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By now the story is all too familiar. November 22, 1963. Dallas, Texas. President Kennedy is assassinated while riding in an open limousine. Within a few hours, Lee Harvey Oswald is arrested after sneaking into a local movie theater. Oswald is first booked for the murder of a local police officer, J.D. Tippitt and is later charged with the murder of the President. On November 24th as Oswald is being transferred from the local jail Jack Ruby, patriotic night club owner and fellow lone nut, shoots him. The following day, President Kennedy's funeral is held with all of the requisite ornaments.

Within days, a Presidential commission is formed to investigate the circumstances surrounding the murder of the President. Headed by widely respected Chief Justice Earl Warren it comes to be known as the Warren Commission. In 1964, the Commission issues their report and 26 volumes of supporting evidence. Its conclusion, that Oswald a lonely, disgruntled ex-Marine whose obsession with communism caused him to defect to the Soviet Union, and later kill the President with three shots from a war surplus rifle, was widely accepted at face value by the American people and trumpeted loudly by the mainstream media. Likewise, the Commission's conclusion that Ruby was yet another loner who killed Oswald during a fit of patriotism found its way into mainstream consciousness as well.

Then something happened. People began to analyze the 26 volumes that purportedly was the evidentiary basis of the Report and discovered that much of the evidence either didn't support the Commission's conclusions or was just completely irrelevant. In the mid-1960's several scholarly books were released challenging the central tenets of the Warren doctrine. Mark Lane's Rush to Judgment, Harold Weisberg's Whitewash, Sylvia Meagher's Accessories After the Fact, and Josiah Thompson's Six Seconds in Dallas all raised reasonable doubts and started a groundswell of criticism of the Warren Report. Even mainstream magazines such as Life, Look, and The Saturday Evening Post were all taking a new look at the assassination.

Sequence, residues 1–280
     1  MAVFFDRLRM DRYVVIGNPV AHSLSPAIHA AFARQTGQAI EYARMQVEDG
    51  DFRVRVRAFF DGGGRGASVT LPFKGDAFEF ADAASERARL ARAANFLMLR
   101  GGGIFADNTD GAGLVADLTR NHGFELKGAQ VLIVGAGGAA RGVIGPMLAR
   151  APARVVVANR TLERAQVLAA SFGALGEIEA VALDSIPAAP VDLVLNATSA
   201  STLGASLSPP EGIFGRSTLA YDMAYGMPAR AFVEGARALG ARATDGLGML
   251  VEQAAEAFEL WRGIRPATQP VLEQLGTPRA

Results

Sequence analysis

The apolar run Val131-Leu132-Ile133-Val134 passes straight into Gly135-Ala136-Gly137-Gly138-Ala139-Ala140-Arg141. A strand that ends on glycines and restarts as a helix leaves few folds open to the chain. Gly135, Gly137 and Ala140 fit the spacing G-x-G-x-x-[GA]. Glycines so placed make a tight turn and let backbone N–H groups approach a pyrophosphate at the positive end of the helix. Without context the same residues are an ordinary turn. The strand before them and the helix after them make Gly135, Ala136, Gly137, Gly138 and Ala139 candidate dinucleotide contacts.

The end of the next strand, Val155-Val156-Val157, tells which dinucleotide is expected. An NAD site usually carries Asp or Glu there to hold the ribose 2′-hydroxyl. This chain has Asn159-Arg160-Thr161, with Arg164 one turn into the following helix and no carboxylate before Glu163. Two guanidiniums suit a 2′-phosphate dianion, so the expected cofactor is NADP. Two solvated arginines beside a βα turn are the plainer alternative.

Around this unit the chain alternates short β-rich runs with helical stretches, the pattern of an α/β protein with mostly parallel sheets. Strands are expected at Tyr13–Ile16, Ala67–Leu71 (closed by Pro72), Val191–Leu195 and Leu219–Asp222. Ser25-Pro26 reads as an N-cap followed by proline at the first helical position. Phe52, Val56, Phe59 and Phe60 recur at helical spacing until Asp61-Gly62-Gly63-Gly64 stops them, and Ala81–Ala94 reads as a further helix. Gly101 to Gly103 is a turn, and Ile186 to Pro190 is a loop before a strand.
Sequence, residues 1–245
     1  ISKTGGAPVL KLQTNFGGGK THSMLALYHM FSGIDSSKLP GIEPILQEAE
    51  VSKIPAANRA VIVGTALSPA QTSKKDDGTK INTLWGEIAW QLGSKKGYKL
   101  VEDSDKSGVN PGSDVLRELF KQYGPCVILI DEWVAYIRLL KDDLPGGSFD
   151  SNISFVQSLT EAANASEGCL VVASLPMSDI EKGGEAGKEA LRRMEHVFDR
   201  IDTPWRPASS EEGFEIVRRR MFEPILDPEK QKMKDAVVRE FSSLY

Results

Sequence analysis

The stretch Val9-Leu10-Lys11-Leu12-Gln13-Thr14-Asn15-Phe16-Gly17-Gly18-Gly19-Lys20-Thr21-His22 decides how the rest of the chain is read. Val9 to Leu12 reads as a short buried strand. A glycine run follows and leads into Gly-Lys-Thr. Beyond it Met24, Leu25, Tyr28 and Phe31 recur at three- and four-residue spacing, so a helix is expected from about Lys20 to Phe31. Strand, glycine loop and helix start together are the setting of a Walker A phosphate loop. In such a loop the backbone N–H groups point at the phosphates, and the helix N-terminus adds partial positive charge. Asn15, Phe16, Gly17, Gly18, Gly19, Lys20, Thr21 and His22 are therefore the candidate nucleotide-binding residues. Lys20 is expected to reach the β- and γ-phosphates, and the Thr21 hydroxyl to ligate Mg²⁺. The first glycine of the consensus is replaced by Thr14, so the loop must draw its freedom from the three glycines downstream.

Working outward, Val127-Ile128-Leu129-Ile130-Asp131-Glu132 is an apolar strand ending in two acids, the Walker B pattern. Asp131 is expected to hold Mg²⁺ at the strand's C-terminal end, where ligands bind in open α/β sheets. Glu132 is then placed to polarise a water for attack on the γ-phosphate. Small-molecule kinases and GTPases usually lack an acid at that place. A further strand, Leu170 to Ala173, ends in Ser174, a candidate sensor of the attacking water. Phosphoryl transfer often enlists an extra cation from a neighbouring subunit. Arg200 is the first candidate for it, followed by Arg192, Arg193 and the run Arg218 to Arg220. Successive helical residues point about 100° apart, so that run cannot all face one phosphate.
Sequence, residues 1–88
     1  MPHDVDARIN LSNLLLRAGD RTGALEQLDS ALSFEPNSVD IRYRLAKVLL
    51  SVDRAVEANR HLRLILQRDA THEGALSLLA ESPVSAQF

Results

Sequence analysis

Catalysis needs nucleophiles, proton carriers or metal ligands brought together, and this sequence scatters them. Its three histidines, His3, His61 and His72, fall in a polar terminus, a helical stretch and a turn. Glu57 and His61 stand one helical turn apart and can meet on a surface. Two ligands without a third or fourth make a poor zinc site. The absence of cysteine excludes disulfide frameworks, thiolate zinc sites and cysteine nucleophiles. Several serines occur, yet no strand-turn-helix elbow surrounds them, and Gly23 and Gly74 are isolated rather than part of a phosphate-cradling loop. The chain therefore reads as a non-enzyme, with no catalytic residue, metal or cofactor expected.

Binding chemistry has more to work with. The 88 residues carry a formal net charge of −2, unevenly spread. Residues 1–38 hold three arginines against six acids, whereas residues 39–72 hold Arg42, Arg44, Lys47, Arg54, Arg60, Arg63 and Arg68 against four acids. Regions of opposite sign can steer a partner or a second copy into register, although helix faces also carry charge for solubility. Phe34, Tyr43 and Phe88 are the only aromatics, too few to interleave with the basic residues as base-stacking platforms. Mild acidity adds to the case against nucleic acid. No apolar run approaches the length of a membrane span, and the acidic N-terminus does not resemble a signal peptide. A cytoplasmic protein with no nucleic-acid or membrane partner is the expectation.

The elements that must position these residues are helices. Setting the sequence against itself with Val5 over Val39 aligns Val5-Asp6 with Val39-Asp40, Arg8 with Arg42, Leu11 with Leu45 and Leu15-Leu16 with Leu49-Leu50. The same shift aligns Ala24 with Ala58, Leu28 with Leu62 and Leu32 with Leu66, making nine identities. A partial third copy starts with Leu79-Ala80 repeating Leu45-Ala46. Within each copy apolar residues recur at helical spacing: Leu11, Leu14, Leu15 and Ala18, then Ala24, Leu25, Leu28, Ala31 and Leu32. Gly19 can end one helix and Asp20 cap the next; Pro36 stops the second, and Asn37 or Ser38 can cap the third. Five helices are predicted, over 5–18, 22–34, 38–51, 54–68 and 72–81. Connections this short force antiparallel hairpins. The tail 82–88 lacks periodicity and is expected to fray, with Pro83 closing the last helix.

Then something happened - again. A District Attorney from New Orleans had the temerity to launch his own probe into the assassination. In 1966 Jim Garrison, the wildly popular New Orleans D.A., began investigating Oswald's stay in the Crescent City during the summer of 1963. As his office began questioning various witnesses Garrison began to focus his probe on a suspect he believed may have conspired to have the President killed. David Ferrie was an ex-airline pilot and anti-Castro adventurer who Garrison believed had a long history with the CIA as well as with the accused assassin. Soon however, the story broke in the newspapers and Garrison's probe became worldwide news. Unfortunately for Ferrie, so did he. Less than a week after the story broke, Ferrie was found dead in his apartment, apparently of natural causes. With his main suspect now dead many felt Garrison would wind up his investigation. They were wrong. On March 1, 1967 Garrison arrested a local businessman named Clay Shaw and charged him with conspiracy to murder President Kennedy. Shaw, a respected figure among the New Orleans elite, expressed shock and outrage at the charge. For the next two years as Garrison sought to get Shaw to trial both Garrison and his office came under intense attack from the local and national media. Allegations of bribery, mob influence and other unsavory charges haunted the investigation. In 1969 Shaw was tried and acquitted on the conspiracy charge. The prevailing orthodoxy was that the Garrison probe seriously discredited and set back the Warren critics' movement...

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